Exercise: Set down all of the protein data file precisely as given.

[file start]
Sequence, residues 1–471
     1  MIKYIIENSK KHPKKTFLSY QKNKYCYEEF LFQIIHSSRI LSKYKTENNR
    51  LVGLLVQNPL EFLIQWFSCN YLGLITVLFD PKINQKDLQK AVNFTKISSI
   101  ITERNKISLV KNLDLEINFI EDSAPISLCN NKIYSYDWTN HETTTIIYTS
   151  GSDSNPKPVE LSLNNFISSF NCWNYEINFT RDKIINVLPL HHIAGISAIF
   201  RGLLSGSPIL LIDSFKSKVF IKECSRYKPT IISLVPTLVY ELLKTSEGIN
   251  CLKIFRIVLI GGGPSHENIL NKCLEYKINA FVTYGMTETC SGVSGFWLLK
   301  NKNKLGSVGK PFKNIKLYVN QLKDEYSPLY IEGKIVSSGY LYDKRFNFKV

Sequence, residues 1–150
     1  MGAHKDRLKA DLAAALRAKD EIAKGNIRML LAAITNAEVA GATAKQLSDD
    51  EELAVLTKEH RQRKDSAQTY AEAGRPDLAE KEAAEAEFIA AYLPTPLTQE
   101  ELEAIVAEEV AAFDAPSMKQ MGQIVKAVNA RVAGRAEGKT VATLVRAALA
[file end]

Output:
Sequence, residues 1–471
     1  MIKYIIENSK KHPKKTFLSY QKNKYCYEEF LFQIIHSSRI LSKYKTENNR
    51  LVGLLVQNPL EFLIQWFSCN YLGLITVLFD PKINQKDLQK AVNFTKISSI
   101  ITERNKISLV KNLDLEINFI EDSAPISLCN NKIYSYDWTN HETTTIIYTS
   151  GSDSNPKPVE LSLNNFISSF NCWNYEINFT RDKIINVLPL HHIAGISAIF
   201  RGLLSGSPIL LIDSFKSKVF IKECSRYKPT IISLVPTLVY ELLKTSEGIN
   251  CLKIFRIVLI GGGPSHENIL NKCLEYKINA FVTYGMTETC SGVSGFWLLK
   301  NKNKLGSVGK PFKNIKLYVN QLKDEYSPLY IEGKIVSSGY LYDKRFNFKV

Sequence, residues 1–150
     1  MGAHKDRLKA DLAAALRAKD EIAKGNIRML LAAITNAEVA GATAKQLSDD
    51  EELAVLTKEH RQRKDSAQTY AEAGRPDLAE KEAAEAEFIA AYLPTPLTQE
   101  ELEAIVAEEV AAFDAPSMKQ MGQIVKAVNA RVAGRAEGKT VATLVRAALA